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Bailed by court, but bound for life

Good conduct granted them freedom years ago. Bad luck still confines them behind bars.

At least 30 inmates of Birsa Munda Central Jail in Hotwar, Ranchi, are languishing in their dingy cells instead of living reformed lives outside despite court orders because they have no bailer and the state isn’t scouting for other legal routes to release them.

Take for example the case of 45-year-old Singa Barjo of West Singhbhum. Barjo was convicted for murder (case No. ST182/01) and awarded life sentence in 2001. On December 20, 2004, the court granted him bail for good behaviour. But no family member or friend offered the security sum in exchange for his release. Hence, Barjo never left prison.

Similarly, Urgan Minz (43) of Ranchi was jailed for murder, but granted bail by Jharkhand High Court more than a year and a half ago. Yet, she continues her repentance within guarded walls.

Sources said of the 30 star-crossed inmates, 26 were convicts and four undertrials.

“To my knowledge, Barjo is the oldest of such unfortunate prisoners lodged in our jail. He has been here for nearly nine years despite bail order. Others secured bail between three months and eight years ago. This is not the curious case of Birsa Munda prison alone. If you dig for figures, you will find hundreds like them elsewhere too — one of the key reasons for most Jharkhand jails being overcrowded,” a well-placed source said.

The problem is neither individual prisons nor the state home department has reliable statistics. No one could say for sure how many inmates are confined across the state for want of bailers.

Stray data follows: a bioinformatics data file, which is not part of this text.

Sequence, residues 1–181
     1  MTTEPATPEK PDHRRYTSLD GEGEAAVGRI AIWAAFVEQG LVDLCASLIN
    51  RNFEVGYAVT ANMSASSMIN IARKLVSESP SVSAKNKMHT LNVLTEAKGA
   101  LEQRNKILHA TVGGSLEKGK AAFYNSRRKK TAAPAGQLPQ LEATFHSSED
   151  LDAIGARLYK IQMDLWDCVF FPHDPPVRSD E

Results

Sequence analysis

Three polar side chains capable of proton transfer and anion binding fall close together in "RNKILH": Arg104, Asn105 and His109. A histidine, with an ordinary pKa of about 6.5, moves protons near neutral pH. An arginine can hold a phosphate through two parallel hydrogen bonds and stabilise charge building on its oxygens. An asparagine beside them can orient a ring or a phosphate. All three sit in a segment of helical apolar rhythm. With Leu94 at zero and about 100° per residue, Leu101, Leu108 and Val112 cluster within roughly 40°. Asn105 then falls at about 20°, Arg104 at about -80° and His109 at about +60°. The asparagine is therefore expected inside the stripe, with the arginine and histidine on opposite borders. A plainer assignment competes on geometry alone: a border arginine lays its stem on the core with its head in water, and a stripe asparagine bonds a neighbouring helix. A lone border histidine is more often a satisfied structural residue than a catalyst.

“They may be wrong-doers, but they have human rights. We feel bad for these people, but are helpless,” said a Birsa jail staff, requesting anonymity.

He pointed out that no freedom despite bail orders often made inmates suicidal or violent. “After days, months or years in confinement, you are granted freedom and you still can’t cherish it… what can be more disheartening. Disappointment leads to depression, which often encourages extreme steps like suicide,” he said.

According to high court advocate Vipul Ranjan, though the government’s hands are tied in the matter, it can always make fresh appeal.

“The best way out is to approach court again, which can reconsider its decision, modify the same or ask authorities to release inmates on personal bond. Jails must review such cases, prepare database and approach the court. Jhalsa is very active these days and even provides lawyers for free,” Ranjan said.

Birsa Munda jail superintendent D.K. Pradhan agreed that preparing a database was a good idea.

“All jails should review bail orders from time to time. Cases where inmates have not been freed for want of bailers can be compiled and sent to the headquarters for appeal before Jhalsa. We did a review and these cases came to light. We have urged Jhalsa to consider releasing these prisoners on personal bond,” he said.

Do you know of any prisoner deprived of a bailer?


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